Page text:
Just get a 29er frame-many components from your 26" bike will transfer
For $250-$400 you can get a Reynolds 853 Jamis Dragon frame-used- about as good as it gets steel wise-if you are a steel fan
Or any number of aluminum frames
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Old 07-18-14, 08:59 AM
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nothing wrong with 26" wheels.. But,

want a 700c tourer? Go Buy one.
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Old 07-18-14, 11:10 AM
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Originally Posted by rekt View Post
Also, my current 26 wheels are not made for touring.
Is it your tires or actual wheels that you feel are not adequate for touring? Tires are relatively cheap and easy to change and almost any 26" wheel in decent condition can make for a fine touring wheel because of its innate strength.
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Old 07-18-14, 01:34 PM
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Maybe its your opinion that needs working on

Touring is the activity , the bike is a tool to persue that activity

what bike parts are made for is to sell and make Money , the application is up to the owner.



You realize you missed the fact that the brake pads wont hit the rims, any more, if you change wheel rim diameters

559 & 622 D or Radius = 279.5 vs 311.. thats a 31.5mm difference ..
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Old 07-18-14, 05:54 PM
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Originally Posted by fietsbob View Post

You realize you missed the fact that the brake pads wont hit the rims, any more..
And you missed the fact that the OP already stated he was using discs and so that wasn't going to be an issue
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Old 07-18-14, 06:05 PM
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Originally Posted by robow View Post
And you missed the fact that the OP already stated he was using discs and so that wasn't going to be an issue
And the question was asked to the OP (by #corwin1968 ), does the bike have disc mounts? BITD when disc first came out it was fairly common to see frames with both Canti mounts and disc mount, and is still on some lower end bikes till recently, but very uncommon to see forks with both, the exception being suspension forks, but rigid forks were almost never fitted with both mounts.

Would be really helpful of the OP came back with confirmation of what the frame has, or photos of the complete bike.
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Old 07-18-14, 06:25 PM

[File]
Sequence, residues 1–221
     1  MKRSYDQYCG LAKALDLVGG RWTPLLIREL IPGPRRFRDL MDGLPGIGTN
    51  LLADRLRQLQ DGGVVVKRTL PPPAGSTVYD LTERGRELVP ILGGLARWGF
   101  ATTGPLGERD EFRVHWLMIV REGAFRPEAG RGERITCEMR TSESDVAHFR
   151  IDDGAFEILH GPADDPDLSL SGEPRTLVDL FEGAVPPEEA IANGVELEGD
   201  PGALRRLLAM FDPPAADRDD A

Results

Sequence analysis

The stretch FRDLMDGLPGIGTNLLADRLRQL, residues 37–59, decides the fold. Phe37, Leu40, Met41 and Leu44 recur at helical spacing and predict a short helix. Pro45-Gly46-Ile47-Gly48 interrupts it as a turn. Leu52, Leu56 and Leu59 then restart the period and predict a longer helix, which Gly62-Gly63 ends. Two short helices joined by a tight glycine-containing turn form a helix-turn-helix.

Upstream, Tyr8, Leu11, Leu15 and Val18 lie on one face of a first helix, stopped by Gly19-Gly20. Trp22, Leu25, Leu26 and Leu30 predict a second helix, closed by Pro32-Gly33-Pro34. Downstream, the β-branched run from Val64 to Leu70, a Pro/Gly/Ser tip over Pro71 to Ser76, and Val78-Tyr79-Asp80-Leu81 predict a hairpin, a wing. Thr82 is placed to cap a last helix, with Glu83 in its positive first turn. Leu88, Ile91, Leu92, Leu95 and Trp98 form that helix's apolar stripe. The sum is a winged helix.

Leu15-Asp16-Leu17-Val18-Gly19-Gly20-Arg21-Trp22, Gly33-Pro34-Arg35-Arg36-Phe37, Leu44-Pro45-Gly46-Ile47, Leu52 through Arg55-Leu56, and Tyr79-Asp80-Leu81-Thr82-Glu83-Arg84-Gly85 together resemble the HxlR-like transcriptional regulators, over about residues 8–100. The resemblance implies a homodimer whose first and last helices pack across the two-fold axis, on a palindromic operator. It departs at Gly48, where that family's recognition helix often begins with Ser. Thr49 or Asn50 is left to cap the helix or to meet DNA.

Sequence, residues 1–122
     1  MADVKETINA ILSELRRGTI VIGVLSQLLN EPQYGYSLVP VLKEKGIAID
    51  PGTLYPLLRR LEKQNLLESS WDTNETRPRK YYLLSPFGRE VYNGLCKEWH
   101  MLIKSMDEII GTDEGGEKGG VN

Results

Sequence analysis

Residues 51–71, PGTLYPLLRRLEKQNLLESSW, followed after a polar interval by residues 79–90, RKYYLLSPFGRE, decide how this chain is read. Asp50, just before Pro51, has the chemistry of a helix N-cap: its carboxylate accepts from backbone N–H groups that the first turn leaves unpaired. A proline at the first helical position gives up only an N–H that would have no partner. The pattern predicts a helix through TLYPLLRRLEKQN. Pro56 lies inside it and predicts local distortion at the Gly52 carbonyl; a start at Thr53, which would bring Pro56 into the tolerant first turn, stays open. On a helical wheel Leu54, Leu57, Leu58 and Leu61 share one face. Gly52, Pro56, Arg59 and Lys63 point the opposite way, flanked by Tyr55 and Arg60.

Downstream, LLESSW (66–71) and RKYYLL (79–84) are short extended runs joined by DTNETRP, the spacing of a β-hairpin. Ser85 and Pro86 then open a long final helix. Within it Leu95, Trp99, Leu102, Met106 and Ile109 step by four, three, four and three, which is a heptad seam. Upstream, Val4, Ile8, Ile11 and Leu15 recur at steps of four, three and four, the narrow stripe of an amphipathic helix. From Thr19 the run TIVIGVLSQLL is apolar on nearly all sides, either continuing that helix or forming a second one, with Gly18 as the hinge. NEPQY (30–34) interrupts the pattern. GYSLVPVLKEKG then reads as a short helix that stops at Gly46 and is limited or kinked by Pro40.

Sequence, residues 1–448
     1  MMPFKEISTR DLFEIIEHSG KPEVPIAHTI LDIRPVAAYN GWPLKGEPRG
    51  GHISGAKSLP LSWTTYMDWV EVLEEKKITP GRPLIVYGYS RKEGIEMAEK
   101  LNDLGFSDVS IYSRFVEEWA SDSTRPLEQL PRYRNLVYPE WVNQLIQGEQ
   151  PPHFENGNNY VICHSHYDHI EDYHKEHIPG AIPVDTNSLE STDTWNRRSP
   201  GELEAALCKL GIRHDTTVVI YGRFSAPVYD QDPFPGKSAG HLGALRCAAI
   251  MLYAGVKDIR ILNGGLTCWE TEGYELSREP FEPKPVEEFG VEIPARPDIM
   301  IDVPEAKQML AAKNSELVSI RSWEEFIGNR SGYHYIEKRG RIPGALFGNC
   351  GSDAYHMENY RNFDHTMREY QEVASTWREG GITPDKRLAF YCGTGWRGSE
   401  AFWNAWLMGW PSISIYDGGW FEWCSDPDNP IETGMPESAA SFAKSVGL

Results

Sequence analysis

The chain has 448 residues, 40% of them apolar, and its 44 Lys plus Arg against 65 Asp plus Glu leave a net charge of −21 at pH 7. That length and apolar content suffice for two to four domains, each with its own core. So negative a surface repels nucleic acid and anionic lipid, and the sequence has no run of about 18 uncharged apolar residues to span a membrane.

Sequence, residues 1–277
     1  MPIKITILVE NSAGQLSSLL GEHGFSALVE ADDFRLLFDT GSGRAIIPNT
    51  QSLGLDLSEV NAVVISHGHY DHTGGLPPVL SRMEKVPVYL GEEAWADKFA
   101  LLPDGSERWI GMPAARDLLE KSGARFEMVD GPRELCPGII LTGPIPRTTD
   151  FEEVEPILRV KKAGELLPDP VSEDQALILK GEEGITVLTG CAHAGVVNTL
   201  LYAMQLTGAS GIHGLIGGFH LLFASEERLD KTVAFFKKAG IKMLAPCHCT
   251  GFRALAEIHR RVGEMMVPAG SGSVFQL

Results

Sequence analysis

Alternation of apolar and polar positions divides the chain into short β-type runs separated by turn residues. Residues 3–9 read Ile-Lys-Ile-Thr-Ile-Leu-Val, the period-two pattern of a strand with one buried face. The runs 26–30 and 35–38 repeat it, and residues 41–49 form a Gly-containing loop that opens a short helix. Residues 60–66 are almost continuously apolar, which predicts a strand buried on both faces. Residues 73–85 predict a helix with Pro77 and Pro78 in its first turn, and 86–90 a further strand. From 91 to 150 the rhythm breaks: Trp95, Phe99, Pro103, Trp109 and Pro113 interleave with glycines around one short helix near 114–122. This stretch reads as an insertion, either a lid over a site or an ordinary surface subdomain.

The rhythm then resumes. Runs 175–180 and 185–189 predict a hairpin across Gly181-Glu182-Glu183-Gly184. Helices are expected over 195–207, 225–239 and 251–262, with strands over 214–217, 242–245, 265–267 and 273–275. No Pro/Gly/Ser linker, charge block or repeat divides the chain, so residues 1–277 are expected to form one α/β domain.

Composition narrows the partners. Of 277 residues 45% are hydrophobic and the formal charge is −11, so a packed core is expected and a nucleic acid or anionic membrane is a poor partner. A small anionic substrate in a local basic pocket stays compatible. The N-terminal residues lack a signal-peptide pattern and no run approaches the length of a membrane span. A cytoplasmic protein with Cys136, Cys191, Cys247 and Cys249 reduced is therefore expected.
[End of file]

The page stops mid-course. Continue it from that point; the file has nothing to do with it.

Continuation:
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jimc, I just assumed that the OP would know whether he had disc mounts or not if he was considering disc brakes but you're right, one never knows on here.
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Old 07-18-14, 11:45 PM
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And you missed the fact that the OP already stated he was using discs and so that wasn't going to be an issue
then why show the V brakes in such close up .. I stand by the.. want a 700c wheel tourer , buy it as such .

26" are fine .. many say better .. get tires in 3rd world shops..


.. don't go into rocket science

Last edited by fietsbob; 07-19-14 at 01:26 AM.
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Old 07-19-14, 01:25 AM
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Originally Posted by rekt View Post
I'm planning to use disc brakes so it's not going to be an issue. Also, my current 26 wheels are not made for touring. I thought it would be better to buy 700c since I'm replacing the wheels anyway. Thanks for your input. EDIT: Those are some nice looking bikes
Rekt; Generally best to buy wheels that match your frame. Changing wheel sizes leads to a long list of further adaptations that cost a lot, waste a lot of time, generally drive you to a bike that isn't, in the end, very good. Just another Frankenbike. Also trying to figure out why you believe that your current wheels aren't viable for touring. If they are in good shape and properly tensioned then they should do fine for most all touring needs. If you contemplate that a 700C wheelset in a frame designed for 26" wheels is going to put the tires closer to the fork and further up into the chain stays ... both which can push you to skinnier tires and no room for fenders both of which are not typically good choices for touring.

Hope that helps
/K
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Old 07-19-14, 10:33 AM
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I've done 700c wheels on a handful of 26" wheel frames. Works pretty well on many. 390-400mm axle-to-crown forks were used. Various long reach road brakes were used. My latest has a 1999 Shimano RSX100 up front and an olde DiaCompe something-or-other in back (it probably wasn't considered long reach when it came out).

I'll get more pics later. Tough work on the phone...


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Old 07-19-14, 01:16 PM
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More pics of front and rear calipers and overall pic when it was more roadified.







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Old 07-19-14, 01:24 PM
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Having posted all that, however, I'd go 26" for touring. My main reason for 700c on that bike is one mangled canti boss.

If I were gonna tour I'd get a 50/40/30 crankset on this bike. Plenty of good slick and semislick 26" tires to choose from.

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Old 01-01-21, 04:46 PM
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You should try anything once

I did this conversion with an old beater. There seem to be a lot of people assuming how this would ride, they are all correct, its very weird at first. That doesn't mean you shouldn't try it. Yes it was super goofy feeling but like any new geometry you get used to it. The BB clearance was sometimes frightening and sometimes very handy. I converted by drilling out the holes in the fork and the crossbar on the seat stays and used Tektro calipers. The holes are already there for mounting racks, just bore them out a bit. You can always go back to 26". I did this because it was cheaper then getting a whole new bike ( duh! rich bike people don't know about this). Its not impossible and it's a lot of fun.
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Old 01-02-21, 09:15 AM
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Seven year old thread.